The Samizdat has two baselines of support. The first is a one-dollar pledge that gets you the poem and access to any extras posted through the Patreon. The second is a twenty-dollar pledge which will get you a poem directly mailed to you. Because of the way Patreon works, you can change your pledge level at any time so that if you want mailed copies of only those poets you prefer, that will be easy to arrange.

We are entering a world where art and dissent are under attack. Here is your chance to support both.


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The Women’s March

  1. The crowd was unbelievable. And simply because I’m a person limited to a person’s POV (and relatively short, at that) I couldn’t see the end to us, all of the women and men and others gathered in DC to march in protest and solidarity. I’d jump and see an ocean of faces and signs, pussy hats and uncovered heads, of all different colors. Marchers perched in the winter-shorn trees like birds. Stood on buses. Held signs up for all to see until their arms burned. When one voice rose, dozens of others joined around her. Thousands of voices rose.
  1. We rode a bus from Houston, and a bus back from Houston, a day on the bus spent either way. We stopped for fuel of both the body and the bus. We talked to cashiers who said they feared the world was going to be set on fire by Trump. If so, we are the fire. We need to be that fire.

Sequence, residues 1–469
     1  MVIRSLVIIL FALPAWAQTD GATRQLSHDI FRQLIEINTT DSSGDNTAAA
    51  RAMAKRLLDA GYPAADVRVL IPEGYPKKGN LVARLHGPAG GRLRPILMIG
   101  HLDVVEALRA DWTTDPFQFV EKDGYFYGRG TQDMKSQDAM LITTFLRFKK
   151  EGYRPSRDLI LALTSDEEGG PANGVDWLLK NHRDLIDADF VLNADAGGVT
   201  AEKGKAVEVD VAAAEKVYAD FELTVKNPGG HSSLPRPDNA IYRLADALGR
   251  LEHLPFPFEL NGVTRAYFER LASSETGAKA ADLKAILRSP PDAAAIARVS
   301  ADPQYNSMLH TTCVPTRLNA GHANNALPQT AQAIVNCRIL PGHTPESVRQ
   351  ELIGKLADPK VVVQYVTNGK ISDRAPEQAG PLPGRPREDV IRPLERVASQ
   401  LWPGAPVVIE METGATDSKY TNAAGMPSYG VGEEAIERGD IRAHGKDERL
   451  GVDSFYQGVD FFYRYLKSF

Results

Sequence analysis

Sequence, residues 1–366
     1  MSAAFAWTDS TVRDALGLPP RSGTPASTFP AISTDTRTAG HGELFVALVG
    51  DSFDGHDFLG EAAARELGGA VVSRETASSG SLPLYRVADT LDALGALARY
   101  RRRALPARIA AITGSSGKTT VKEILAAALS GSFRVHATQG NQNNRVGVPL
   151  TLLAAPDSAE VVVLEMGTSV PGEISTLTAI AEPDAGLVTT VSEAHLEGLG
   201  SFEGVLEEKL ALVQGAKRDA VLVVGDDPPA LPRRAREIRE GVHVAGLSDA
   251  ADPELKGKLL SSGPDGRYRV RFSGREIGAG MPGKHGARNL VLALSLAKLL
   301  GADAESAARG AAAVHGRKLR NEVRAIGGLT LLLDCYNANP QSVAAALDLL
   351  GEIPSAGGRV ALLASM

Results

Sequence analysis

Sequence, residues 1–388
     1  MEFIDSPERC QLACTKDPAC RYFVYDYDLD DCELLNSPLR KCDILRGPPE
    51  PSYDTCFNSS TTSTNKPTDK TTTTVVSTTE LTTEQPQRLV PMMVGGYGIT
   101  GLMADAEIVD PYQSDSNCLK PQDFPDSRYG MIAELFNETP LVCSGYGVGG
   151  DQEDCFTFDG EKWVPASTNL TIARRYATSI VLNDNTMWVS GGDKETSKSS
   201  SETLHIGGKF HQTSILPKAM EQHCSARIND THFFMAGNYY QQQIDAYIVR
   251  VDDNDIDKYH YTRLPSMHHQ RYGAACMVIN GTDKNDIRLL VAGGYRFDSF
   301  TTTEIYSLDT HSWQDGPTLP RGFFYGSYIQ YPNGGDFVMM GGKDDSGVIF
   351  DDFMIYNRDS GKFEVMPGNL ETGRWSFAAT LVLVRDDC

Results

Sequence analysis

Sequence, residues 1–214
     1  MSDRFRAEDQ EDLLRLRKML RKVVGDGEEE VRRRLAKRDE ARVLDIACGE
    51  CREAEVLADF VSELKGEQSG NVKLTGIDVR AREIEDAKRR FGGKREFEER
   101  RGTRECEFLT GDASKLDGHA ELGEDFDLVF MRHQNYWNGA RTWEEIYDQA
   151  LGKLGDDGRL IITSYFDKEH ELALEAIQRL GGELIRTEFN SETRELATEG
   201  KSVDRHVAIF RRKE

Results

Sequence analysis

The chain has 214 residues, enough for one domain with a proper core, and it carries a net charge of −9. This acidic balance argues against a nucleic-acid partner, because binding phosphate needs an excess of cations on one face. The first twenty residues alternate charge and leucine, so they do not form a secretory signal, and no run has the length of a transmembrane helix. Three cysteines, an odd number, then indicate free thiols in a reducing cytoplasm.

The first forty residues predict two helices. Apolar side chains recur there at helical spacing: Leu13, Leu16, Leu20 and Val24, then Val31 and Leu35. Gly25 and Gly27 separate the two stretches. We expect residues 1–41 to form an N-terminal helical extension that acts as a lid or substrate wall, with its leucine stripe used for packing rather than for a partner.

1. Outside DC, our bus passed other buses. The sidewalks were full of pink hats and wide, brightly-colored signs. A tiding of magpies. A force of women.
  1. The Metro stations were full. Hundreds, thousands, hundreds of thousands funneling through to the center of DC, to spread out and occupy the seat of power of our nation.
  1. Of many nations. Of many states. Of many counties and parishes. Of many cities.

  1. The Metro opened earlier than normal. There were more trains added for the day. Our train was full when we entered at the last stop on the Blue Line. Every stop, more pink hats, more signs, more people added. We were pushed in until no more could be pushed, until we were one person. One body moved and the rest swayed. One breathed, and we all breathed. Our hearts pumped. Our hearts beat.
  1. The speaker said, “People.” We chanted, “Power.”
  1. People. Power.
  1. Power. The single voice resounded through the city. The sound was physical. It secured us to the ground, rooted us in the earth. It lifted us up. Our voice could lift up those government buildings around us, open the doings inside to the glare of the sun, and let us in to take our rightful place.
  1. If nothing else, I know because we know that we are not alone because I was there and I saw you and you saw me and we saw each other.
  1. We saw each other.
  1. We were there to march. There were too many people to march. We marched in place. We chanted and held our signs high and moved inches, moved a foot at a time, slowly through the crowd of us. Others found their way to march. A crowd of thousands filled the blocks along Pennsylvania and were turned back by a security gate, but circled, a constant stream of protest and people and songs.
  1. Our signs were our voices when our voices were silent. We strung them into fences and through metal bars so our voices would speak without us. We laid them at the feet of the Trump hotel, a memorial for everyone who was there, a dialogue between those that have power and those elected to represent us.